Upon entering Lake Forest High School in the fall of 2014, Kyle Levin received some valuable advice from his parents, Rich and Sally:
Be the most well-rounded person you can be.
Levin took the words and ran with them — and not because the Deer Path Middle School graduate happened to be a cross country and track runner.
The recommended course of action sounded like a sound one to the youngster.
“They pushed me, encouraged me,” Levin recalls. “They told me, ‘Try as many things as possible during your high school years and see what sticks.’ ”
Levin tried athletics, church-related and extracurricular activities and a variety of opportunities with volunteer organizations.
What stuck: a lot.
And his grades never suffered because of his crowded plate. Levin graduated with cum laude honors earlier this month.
“My parents,” he says, “have always inspired me. Both have worked really hard in their lives. What I learned in sports, especially in cross country, is that working hard will get you places.”
The Boston College-bound Levin served as a two-year varsity captain in cross country and a varsity track and field captain this past spring. LFHS cross country coaches chose Levin to guide runners as an assistant camp coach this summer.
Levin has gone more — way more — than the extra mile in volunteerism, having racked up nearly 570 hours of volunteer and community service time in high school. The 2018 recipient of the Jim Thiel Award for Exceptional Community Service at LFHS and a multiple Presidential Service Award honoree, Levin was a Lunch Bunch youth mentor and teen board member at Waukegan-based Beacon Place; an 847 Hoops camp counselor/basketball coach; and an intern, from 2015-17, with Ragdale Foundation, a nonprofit artists’ community located in Lake Forest.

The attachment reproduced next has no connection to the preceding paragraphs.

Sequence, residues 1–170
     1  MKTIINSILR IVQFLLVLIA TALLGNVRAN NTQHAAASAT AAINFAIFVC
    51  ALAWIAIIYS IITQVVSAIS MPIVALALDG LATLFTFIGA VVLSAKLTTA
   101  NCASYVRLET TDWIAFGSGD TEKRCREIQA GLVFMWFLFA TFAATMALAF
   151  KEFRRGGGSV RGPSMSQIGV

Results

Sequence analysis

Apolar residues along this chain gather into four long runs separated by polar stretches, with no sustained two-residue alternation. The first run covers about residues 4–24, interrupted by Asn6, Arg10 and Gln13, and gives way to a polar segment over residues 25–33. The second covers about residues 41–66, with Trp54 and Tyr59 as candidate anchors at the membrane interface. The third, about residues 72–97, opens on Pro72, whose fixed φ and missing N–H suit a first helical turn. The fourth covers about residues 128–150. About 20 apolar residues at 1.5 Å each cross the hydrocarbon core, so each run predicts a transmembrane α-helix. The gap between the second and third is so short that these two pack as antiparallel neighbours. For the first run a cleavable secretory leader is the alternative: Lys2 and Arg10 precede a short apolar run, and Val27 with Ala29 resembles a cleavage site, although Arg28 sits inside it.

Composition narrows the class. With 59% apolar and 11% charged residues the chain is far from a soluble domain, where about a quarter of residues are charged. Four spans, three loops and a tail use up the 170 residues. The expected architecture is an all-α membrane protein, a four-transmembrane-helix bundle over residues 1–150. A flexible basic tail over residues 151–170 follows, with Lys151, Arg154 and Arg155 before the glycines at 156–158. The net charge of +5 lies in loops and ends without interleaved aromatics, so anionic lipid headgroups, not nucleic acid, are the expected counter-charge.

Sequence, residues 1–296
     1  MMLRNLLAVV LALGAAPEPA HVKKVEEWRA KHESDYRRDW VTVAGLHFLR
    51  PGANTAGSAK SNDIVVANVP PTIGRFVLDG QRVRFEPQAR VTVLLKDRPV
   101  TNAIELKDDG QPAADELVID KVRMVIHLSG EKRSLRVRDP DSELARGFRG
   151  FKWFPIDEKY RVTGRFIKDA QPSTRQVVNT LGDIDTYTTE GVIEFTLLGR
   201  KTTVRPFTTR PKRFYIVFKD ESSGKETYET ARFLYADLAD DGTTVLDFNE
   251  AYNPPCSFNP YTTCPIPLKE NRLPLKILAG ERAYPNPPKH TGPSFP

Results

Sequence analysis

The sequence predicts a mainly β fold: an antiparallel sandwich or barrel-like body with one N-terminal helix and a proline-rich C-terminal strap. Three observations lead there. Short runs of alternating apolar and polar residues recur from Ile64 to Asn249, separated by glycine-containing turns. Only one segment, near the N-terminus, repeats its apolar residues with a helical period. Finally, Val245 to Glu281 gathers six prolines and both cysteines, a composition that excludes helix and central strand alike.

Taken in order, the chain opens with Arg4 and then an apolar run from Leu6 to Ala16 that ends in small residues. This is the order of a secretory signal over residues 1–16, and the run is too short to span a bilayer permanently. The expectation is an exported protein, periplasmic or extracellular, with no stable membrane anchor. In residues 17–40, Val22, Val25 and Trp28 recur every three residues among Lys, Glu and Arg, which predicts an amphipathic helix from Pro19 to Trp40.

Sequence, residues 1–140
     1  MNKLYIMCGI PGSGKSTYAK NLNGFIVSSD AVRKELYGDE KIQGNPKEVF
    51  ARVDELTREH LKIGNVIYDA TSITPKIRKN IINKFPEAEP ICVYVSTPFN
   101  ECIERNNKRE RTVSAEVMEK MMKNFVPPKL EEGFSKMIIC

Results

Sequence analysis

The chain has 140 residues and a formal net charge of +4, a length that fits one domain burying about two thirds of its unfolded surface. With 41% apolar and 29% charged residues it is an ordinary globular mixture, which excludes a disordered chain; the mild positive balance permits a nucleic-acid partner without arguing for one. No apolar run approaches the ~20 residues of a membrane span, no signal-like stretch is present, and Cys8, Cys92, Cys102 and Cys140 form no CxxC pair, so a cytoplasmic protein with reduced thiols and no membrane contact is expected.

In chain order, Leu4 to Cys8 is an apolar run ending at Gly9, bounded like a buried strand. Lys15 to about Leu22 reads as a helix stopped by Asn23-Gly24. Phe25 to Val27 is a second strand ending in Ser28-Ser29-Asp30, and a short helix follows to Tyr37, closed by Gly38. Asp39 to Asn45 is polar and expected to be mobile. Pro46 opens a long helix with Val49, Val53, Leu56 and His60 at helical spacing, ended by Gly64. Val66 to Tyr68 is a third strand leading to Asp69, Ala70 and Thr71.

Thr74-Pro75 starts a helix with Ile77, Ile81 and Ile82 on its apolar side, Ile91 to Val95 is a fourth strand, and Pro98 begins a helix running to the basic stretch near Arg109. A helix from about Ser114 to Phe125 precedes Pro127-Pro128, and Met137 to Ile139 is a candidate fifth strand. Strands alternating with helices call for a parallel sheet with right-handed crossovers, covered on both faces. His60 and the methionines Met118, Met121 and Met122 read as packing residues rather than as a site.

Levin, a three-time Lake Forest-Lake Bluff Rotary Club Youth Volunteer selectee, also somehow found the time to throw himself into leaderships roles at First Presbyterian Church in Lake Forest. The youth elder and senior high school youth group leadership team member joined the church’s finance and faith formation committees.
“That was interesting, seeing what goes on behind the scenes, the inner workings, and learning what it takes to keep a church running,” Levin says of his time spent in finance committee meetings. “I had the opportunity to experience similar details during my time with Ragdale.”
Summertime work trips with First Presbyterian Church teens, sometimes as many as 60, enlightened and lifted Levin. The group drove to underserved areas in Michigan, Kentucky and Missouri and helped each community enhance a number of homes. The volunteers completed reroofing projects and built house frames and decks.
“We once stayed at a campsite and slept in dirty bunk beds,” Levin says, adding the throng from the church plans to return to Michigan for a work trip this summer. “There are religious aspects to each trip, and we usually bond by playing basketball and volleyball in our free time. But the trips are mostly about helping people improve what’s important to them — where they live.
“They’re grateful,” adds the former Latin I and AP Computer Science teaching assistant. “They let us know how appreciative they are. A big focus at Boston College, a Catholic school, is community service; it’s one of the reasons I’m looking forward to going there.”
His early academic plan at BC is to take business classes and intro courses “and then see what I like.” No doubt he’ll go for an occasional run in between study sessions and commitments to community service organizations to stay in shape, to stay mentally sharp.
“Running is a good time to think, and some people say running is a form of meditation,” Levin says. “It also can clear the mind, something I usually experienced near the end of a seven-mile training run.”
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